Map of Palestine after Golan ceded to France1923 - Golan is Ceded to France: The Jewish National Home is Downsized Again - In 1923, Britain concluded a treaty with France, ceding the Golan Heights at the northeast tip of  the Palestine mandate. The "Jewish National Home" lost about 1,800 square kilometers or  694 square miles. The blue area became the territory of the British Mandate. In recent years, Palestinian Arabs have referred to this area as "Historic Palestine," but "Historic Palestine" lasted for only about 25 years in actual history. 

 

 

Where is Palestine? When Arabs refer to "Palestine," they usually  mean the entire area of Israel west of the Jordan river. This is shown in outline in the emblems of the various Palestinian Arab political and terror groups, such as that of the "moderate" Fatah shown below:

Fatah Emblem

 

Map of UN Palestine Partition Resolution 19471947 - The Jewish National Home is Downsized Again - UN Partition Plan for Palestine: General Assembly Resolution 181 divided the remaining area of the British Mandate, about 10,000 square miles or 26,000 square kilometers, into a "Jewish state" and an "Arab state." The Jewish state was to get about 5,500 square miles of the area, and the Arab state was to get about 4,500 square miles. The Arab state was divided into three areas, and the Jewish state into two areas. The areas were theoretically contiguous, touching at two points. The Arabs rejected the partition plan and attacked Israel when it became independent.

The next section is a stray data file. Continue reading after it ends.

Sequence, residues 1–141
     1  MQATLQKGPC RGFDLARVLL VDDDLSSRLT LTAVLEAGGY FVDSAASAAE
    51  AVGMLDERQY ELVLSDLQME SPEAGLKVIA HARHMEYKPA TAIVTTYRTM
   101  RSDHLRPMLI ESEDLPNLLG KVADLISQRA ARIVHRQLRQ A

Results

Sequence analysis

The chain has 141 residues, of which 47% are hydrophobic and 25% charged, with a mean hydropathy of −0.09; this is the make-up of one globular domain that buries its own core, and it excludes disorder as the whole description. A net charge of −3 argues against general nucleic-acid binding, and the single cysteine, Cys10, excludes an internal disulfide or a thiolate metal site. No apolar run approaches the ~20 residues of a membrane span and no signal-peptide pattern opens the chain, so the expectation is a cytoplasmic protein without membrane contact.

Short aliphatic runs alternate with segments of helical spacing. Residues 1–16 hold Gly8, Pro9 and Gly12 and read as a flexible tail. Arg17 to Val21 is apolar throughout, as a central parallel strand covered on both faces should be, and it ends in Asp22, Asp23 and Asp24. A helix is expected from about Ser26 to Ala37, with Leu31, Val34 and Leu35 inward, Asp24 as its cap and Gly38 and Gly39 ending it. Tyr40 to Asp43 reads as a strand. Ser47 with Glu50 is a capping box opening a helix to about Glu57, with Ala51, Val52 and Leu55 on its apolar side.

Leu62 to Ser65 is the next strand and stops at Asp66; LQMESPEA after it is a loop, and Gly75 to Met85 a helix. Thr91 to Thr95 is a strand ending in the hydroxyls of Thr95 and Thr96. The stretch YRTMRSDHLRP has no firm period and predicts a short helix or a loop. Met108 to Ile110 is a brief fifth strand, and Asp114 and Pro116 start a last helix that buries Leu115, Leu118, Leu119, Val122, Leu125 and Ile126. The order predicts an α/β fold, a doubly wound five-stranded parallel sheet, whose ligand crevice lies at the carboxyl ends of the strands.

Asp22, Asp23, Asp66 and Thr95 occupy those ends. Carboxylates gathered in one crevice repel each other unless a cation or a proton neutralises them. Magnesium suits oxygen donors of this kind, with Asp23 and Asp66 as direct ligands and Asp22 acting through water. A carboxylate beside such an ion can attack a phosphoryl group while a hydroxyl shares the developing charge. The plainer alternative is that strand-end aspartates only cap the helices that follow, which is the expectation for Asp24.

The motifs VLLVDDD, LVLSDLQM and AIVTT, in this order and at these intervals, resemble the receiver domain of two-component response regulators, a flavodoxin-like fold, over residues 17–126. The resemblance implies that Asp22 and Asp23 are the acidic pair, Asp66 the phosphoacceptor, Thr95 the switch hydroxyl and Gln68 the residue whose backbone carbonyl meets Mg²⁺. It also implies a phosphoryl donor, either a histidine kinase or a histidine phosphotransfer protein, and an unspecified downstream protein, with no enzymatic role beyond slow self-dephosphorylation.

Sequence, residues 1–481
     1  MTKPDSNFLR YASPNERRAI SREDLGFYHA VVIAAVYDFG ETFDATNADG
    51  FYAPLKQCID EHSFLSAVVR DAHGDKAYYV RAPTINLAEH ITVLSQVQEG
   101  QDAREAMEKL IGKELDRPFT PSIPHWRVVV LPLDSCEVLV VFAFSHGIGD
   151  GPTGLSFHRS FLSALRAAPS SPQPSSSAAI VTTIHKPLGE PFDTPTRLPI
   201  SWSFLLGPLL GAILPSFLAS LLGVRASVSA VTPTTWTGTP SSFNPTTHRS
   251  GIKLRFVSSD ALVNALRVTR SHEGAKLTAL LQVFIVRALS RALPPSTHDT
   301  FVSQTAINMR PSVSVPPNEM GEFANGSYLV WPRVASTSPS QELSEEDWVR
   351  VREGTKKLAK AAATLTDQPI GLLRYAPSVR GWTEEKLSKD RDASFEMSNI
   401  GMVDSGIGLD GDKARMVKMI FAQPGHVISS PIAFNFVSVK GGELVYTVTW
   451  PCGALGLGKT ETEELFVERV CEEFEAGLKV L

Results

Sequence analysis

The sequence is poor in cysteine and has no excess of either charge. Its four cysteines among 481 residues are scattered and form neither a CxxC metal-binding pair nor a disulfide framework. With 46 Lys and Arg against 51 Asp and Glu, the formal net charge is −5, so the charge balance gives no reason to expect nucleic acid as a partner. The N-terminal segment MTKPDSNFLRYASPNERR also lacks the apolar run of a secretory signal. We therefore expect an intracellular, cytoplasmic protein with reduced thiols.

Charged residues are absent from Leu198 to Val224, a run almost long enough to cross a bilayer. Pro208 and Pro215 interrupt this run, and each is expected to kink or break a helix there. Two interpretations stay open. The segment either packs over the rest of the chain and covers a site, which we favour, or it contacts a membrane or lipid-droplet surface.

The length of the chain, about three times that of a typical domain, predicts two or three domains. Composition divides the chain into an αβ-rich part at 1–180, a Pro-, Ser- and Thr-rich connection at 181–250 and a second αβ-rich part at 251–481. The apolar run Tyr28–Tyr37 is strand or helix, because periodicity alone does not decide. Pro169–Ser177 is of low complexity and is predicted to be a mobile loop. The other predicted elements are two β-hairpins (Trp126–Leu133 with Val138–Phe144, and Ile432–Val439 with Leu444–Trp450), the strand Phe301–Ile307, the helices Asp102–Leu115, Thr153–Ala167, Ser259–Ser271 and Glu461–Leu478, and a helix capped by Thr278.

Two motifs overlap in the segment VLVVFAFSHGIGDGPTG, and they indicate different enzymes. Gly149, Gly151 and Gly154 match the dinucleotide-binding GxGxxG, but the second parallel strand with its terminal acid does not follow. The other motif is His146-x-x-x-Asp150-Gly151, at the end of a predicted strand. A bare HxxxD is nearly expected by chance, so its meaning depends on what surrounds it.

Map of Israel Armistice lines, 19491949 - Israel Armistice Lines - Following the Israel War of Independence, armistice agreements left Israel with about 7,800 square miles or 20,200 square kilometers. The land that was to have become part of the "Arab State," about 2,200 square miles, was divided into the West Bank to the east, occupied and annexed illegally by Jordan, and the Gaza strip, on the southern shore of the Mediterranean sea, occupied and held as an administrative area by Egypt. No Arab state recognized these or any lines as borders of Israel. Nonetheless, Palestinians now insist that Israel must retreat from land conquered in the Six day war up to the 1967 lines. Israel withdrew from the Gaza strip in 2005.  

Maps of Israel - Main Page

Maps of Israel showing distances to borders and comparative size   Jerusalem Map Map of Jerusalem Ancient map of Jerusalem
Map of Palestine - Land of Israel, 1845
Map of Jerusalem -  World with Jerusalem at the Center - 1581

Zionism and Israel Information Center Main Page

History of Zionism and the Creation of Israel   

Please link to our Sister Web sites  Zionism and Israel on the Web

and http://www.zionism.netfirms.com The Zionism Pages and

Israel-Palestina - (Dutch) Middle East Conflict, Israel, Palestine,Zionism... Israël-Palestina Informatie -gids Israël, Palestijnen en Midden-Oosten conflict... Israeli-Palestinian conflict from a European perspective - Dutch and English

ZioNation - Zionism-Israel Web Log    Zionism & Israel News  Israel: like this, as if History of Zionism Zionism FAQ Zionism Israel Center Maps of Israel Jew Zionism and its Impact Israel Christian Zionism Site Map